Janette Edmonds is the UK and Europe course director for our Human Factors in Health and Safety programme.
Jointly developed by IChemE and the Keil Centre, a recognised centre of excellence in human factors, this modular human factors training programme focuses on how a better understanding of human factors can drive safety standards and overall business performance.
Janette is also a Director of The Keil Centre, Chartered Ergonomics and Human Factors Specialist, Fellow of the Institute of Ergonomics and Human Factors and a Chartered Member of the Institution of Occupational Safety and Health.
She has a BSc in psychology, an MSc in ergonomics, and 24 years of practitioner experience within various industries. In particular, her experience includes chemical processing, oil and gas, rail, emergency services, defence, telecoms, but also medical and consumer product design.
- Can you tell us more about your career to date?
I studied for a psychology degree and then went on to getting a masters in ergonomics. I started my human factors practitioner role in 1994. My first role was in the systems engineering department for British Aerospace but after 3.5 years I went into (and stayed in) consultancy. I have since worked in many different industries, including a substantial amount in the chemical and process industries.
- What made you decide to become a trainer?
I have done consultancy and training since I first started my career. I think the two complement each other. The consultancy means that my knowledge is practical and fresh in relation to current issues, and the training helps to communicate it in a way that can be understood by non-human factors professionals. Being a human factors professional really requires the ability to communicate information and concepts clearly to others so it is a forum that enables that to happen.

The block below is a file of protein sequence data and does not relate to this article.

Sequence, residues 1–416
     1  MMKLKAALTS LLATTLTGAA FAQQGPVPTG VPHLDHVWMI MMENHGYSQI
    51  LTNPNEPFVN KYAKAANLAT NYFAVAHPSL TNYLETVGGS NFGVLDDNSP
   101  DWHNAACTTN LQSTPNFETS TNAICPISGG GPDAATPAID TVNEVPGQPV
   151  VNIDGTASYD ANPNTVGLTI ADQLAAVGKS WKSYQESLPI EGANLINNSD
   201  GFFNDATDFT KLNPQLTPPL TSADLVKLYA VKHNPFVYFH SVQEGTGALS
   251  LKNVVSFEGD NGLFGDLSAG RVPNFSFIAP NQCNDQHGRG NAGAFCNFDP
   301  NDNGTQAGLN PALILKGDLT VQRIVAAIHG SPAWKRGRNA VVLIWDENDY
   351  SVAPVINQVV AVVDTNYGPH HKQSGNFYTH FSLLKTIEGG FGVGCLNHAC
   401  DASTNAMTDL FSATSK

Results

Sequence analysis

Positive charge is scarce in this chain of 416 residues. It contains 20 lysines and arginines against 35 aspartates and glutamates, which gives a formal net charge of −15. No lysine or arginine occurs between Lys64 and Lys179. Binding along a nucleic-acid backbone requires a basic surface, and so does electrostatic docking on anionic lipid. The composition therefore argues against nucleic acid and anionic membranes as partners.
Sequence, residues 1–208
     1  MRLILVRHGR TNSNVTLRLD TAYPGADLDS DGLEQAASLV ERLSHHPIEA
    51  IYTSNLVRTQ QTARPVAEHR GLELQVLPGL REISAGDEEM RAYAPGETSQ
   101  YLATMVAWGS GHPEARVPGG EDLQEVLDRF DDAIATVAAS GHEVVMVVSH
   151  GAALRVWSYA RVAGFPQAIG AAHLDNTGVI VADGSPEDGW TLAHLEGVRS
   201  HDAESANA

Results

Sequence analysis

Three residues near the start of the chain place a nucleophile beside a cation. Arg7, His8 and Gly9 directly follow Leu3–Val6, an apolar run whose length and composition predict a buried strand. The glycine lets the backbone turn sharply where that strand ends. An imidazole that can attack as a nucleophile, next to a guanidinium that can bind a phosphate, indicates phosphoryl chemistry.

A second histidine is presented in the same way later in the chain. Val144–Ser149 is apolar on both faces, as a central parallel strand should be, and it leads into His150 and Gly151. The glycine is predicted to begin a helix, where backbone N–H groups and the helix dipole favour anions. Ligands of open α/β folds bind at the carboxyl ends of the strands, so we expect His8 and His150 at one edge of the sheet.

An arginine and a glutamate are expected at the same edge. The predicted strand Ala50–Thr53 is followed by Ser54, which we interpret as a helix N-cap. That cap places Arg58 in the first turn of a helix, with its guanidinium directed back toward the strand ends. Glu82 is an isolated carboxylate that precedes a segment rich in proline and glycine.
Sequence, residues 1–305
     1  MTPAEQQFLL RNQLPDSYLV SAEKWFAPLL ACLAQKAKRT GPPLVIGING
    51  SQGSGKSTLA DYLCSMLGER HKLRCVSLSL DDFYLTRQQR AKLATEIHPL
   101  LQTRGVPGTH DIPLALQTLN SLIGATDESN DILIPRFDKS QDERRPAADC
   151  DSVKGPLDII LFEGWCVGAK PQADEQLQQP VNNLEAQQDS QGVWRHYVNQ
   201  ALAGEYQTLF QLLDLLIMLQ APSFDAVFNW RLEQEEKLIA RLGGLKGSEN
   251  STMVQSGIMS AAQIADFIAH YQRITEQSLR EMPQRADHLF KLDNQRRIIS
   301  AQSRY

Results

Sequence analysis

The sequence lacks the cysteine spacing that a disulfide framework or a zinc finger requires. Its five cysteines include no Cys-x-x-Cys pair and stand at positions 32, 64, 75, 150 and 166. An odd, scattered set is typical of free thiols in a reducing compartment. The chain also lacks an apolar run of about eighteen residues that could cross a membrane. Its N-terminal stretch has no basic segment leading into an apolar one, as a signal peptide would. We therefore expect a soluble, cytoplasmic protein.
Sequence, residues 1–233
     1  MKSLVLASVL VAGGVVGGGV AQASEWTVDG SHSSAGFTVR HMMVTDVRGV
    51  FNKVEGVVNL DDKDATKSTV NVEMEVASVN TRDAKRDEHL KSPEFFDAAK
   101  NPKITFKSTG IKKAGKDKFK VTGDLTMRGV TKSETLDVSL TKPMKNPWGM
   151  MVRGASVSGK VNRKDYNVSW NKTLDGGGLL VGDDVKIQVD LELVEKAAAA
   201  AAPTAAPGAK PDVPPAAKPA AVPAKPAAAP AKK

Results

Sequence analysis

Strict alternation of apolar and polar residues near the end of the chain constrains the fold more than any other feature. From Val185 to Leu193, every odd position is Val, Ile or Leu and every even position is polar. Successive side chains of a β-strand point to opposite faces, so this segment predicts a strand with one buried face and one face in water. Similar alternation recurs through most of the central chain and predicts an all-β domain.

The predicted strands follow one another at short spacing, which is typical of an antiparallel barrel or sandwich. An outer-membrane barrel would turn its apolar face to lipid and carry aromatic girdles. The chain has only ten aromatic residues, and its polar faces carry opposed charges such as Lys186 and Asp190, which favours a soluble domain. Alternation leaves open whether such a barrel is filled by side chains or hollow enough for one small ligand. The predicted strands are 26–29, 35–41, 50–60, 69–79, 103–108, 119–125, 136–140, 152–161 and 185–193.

- What was your first experience of being a trainer?
I taught human factors integration to systems engineers at British Aerospace very early on in my career.
- What is the best thing about delivering training?
The discussions and interactions with delegates and seeing the ‘light bulb’ moments. The best discussions are the ones that unfold all on their own where someone asks a question which then sparks another and another and we work through together to a conclusion. I have to think on my feet, pass questions back to the delegates with a few pointers and see how they work out the answer for themselves.
- What’s the hardest part of being a trainer?
If someone has been told to go on a training course and they have no perceived reason for being there. It can sometimes be a challenge to maintain engagement in that scenario. Thankfully, it doesn’t happen that often. Technical faults and having to work around equipment not working or materials not turning up can also be a distraction.
- How do you know if a training course is going well?
If a course is going well, there is a lot of engagement from delegates and great discussions that everyone takes part in.
- As a trainer, what’s the difference between teaching a public training course and an in-company one?
For an in-company course I can tailor the materials to the company’s specific needs and that particular industry. For a public course, it is more generic and possibly more cross-industry so some of the examples and case studies might not be directly applicable (albeit still retain the right learning points).